October 17, 2012
A cheerful face and a very angry voice are examples of incongruities because they do not go well or fit together. Jason Keogh, Founder and CTO of the company, is scheduled to speak this week at the International Association of Information Technology Asset Managers upcoming conference (IAITAM ACE) on the provocative argument that "SAM isn't a problem -- so why are there so many solutions?" Keogh's presentation is a key part of the Virtualization Track at IAITAM ACE 2012 which is scheduled to occur October 18 in Rancho Las Palmas Resort in Palm Springs, CA.
Keogh’s presentation will expose many of the misrepresentations that many companies present as their position in trying to sell Solutionshfor Software Asset Management. In taking a closer look at these sideways positioning statements, it doesn’t make a lot of sense. Software Asset Management isn’t a problem, so it doesn’t need a solution. SAM is a process (or a set of processes) – it needs inputs and provides outputs.
Software Asset Management tools (such as HP Asset Manager, IBM TAMIT, and various tools from Flexera, Snow, CA, BMC, etc.) generally try to encapsulate processes – some have a wider scope than others and all have various strengths and weaknesses, different areas of focus, etc.
Tangible Benefits of License Management
Software Asset Management goes well beyond License Management and compliance and encompasses everything from asset acquisition (procurement) through to asset disposal (retirement). However License Management is a key focus of SAM at the moment because it provides real benefits to the organization, including:
- Cost savings (in the form of license optimization)
- Reduced risks associated with vendor audits, whether it be before, during or after the audit process
- Accurate information relevant to regulatory compliance
A Reality Check on License Metrics
Software deployed on servers in the data center make up the majority of your total software spend (depending on industry specifics mid to large size enterprises typically spend 70-80% of their software budget on big ticket items from Oracle, IBM, Microsoft, SAP, etc.). This same software often has license metrics which are based on intangible and difficult to ascertain data points – for example:
- Low level CPU data relating to cores and hyper-threading
- Virtual server configuration (CPU and memory pool allocations, pinning, etc.)
- Clustering (at application or OS level, Veritas Clusters, Windows Clusters, RAC Clusters, etc.)
- Application specific configuration (Oracle database option usage, WebLogic components, WebSphere JDBC connections, etc.)
“SAM Solutions” fail to deliver this level of detail about the environment. The “Discovery” elements of these product sets simply don’t get to the level of detail required. It is irrelevant how big a solution’s “library” or “catalogue” is – it cannot provide the really important information that actually determines if licenses are required or not – e.g. If Partitioning is in use within a given Oracle Enterprise Edition database and if it has been configured in such a way that impacts licensing or which servers are in what clusters and what resources are being maintained by those clusters, etc..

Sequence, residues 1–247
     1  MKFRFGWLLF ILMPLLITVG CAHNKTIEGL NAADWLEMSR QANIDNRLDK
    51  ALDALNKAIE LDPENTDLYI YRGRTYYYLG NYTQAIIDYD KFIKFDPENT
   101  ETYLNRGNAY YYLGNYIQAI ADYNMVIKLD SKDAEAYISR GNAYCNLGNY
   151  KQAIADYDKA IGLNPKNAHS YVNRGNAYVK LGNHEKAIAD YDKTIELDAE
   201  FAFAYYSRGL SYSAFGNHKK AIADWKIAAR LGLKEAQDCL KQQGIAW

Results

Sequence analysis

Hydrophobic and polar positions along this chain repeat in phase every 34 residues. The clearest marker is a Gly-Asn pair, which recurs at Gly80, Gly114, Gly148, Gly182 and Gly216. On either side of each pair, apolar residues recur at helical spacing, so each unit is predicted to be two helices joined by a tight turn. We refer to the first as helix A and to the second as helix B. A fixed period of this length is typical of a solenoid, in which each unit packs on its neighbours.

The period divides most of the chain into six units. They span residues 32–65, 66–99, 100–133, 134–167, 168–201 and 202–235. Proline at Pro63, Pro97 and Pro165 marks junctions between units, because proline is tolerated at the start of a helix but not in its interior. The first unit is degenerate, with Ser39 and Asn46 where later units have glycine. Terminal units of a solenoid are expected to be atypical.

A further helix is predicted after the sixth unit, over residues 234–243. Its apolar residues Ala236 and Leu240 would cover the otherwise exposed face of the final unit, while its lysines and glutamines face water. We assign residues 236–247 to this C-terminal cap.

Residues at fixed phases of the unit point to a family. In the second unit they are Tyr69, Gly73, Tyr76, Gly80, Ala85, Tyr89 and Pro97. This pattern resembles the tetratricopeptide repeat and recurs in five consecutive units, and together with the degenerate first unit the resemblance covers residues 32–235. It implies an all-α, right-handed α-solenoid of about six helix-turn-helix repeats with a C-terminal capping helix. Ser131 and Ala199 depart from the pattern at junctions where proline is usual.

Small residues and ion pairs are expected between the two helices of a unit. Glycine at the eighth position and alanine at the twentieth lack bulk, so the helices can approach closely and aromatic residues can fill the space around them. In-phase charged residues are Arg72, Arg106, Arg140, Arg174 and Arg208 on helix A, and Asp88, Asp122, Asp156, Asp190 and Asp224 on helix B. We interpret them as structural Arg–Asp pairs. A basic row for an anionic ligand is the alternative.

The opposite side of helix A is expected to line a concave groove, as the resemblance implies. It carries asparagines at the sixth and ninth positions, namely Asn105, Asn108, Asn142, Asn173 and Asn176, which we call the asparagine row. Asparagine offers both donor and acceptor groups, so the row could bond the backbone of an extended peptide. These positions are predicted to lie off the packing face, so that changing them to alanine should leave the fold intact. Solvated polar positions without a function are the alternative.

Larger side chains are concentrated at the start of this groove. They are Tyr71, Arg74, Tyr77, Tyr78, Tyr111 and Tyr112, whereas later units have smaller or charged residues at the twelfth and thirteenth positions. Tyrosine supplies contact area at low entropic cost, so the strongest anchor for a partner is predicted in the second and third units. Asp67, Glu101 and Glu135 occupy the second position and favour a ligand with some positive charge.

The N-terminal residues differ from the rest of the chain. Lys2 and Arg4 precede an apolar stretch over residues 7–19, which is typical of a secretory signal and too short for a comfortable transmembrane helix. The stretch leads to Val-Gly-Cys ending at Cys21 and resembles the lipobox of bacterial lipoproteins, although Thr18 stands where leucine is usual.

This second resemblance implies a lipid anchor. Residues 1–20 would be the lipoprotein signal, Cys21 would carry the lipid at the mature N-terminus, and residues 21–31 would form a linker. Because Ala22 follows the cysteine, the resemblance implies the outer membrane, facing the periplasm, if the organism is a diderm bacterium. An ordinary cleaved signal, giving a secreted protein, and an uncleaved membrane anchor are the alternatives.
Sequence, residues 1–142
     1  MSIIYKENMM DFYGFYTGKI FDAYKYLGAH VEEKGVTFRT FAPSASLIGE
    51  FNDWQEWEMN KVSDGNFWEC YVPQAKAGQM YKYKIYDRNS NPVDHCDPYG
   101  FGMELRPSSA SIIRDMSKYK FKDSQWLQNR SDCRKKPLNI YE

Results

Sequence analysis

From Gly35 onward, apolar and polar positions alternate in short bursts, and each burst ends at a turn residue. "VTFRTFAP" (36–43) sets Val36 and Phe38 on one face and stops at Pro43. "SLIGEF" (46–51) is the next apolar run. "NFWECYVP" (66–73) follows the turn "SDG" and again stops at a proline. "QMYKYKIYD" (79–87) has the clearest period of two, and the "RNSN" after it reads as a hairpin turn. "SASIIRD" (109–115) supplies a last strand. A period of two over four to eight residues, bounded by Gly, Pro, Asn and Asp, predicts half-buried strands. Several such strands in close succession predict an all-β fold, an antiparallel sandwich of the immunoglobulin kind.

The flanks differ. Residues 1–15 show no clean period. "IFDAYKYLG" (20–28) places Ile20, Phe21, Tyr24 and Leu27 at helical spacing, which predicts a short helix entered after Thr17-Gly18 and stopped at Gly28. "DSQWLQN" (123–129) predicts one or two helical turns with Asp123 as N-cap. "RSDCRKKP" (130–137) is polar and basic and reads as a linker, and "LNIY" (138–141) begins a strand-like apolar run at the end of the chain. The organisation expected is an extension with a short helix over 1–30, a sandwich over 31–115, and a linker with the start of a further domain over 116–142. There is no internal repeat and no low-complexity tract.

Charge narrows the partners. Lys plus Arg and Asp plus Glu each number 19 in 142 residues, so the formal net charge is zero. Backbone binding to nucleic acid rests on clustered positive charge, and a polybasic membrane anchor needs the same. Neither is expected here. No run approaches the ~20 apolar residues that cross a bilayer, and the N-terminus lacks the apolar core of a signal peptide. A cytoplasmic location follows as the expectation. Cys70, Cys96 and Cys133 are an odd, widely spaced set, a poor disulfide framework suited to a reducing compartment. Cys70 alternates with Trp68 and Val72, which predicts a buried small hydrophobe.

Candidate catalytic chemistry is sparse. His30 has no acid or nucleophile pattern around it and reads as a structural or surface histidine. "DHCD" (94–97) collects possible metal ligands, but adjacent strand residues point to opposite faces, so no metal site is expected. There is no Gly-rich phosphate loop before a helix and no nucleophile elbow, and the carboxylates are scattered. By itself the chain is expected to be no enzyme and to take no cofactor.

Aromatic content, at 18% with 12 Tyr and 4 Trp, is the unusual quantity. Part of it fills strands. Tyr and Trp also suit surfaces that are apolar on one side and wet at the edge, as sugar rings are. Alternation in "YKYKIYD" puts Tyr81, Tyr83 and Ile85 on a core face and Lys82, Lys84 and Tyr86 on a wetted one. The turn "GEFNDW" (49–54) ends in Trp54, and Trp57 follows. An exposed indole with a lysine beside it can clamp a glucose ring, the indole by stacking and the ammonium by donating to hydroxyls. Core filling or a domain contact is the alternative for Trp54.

There is More to SAM than Meets the Eye
The central theme is that Software Asset Management (SAM) goes well beyond license management and compliance. Rather, it includes a whole set of processes that take place throughout the entire software lifecycle, encompassing everything from asset acquisition (procurement) through to asset disposal (retirement).
"License management is a key focus of SAM because it provides real benefits to an organization, including cost savings, reduced risk of vendor audits, and regulatory compliance," says Keogh. "However, SAM has many influences throughout the organization and can enable more transparent cost-effective procurement and planning processes."
SAM’s Value in the Datacenter
Another important point Keogh will make is the fact that datacenters have the most potential to benefit from SAM practices, especially those that include software spread across hybrid virtual and physical servers. Software deployed on servers in datacenters make up the majority of an organization's total software spend -- typically 70-80%.
Keogh will draw from real-life iQuate customer successes to illustrate how the company solves licensing and other SAM issues across both server and desktop estates.
"iQuate's iQSonar product delivers where typical SAM solutions -- especially the discovery elements of these solutions -- fail," says Keogh. "iQSonar provides granular levels of detail about the environment. It is entirely agentless, multi-platform and returns complete details on hardware, software, virtualization and clustering."
iQuate delivers an enterprise software platform engineered to gather all of the data required to accurately establish software licenses from vendors such as Oracle, IBM, Microsoft, Symantec and VMware, as well as identify hardware. To learn more about iQuate and its offerings, visit www.iquate.com.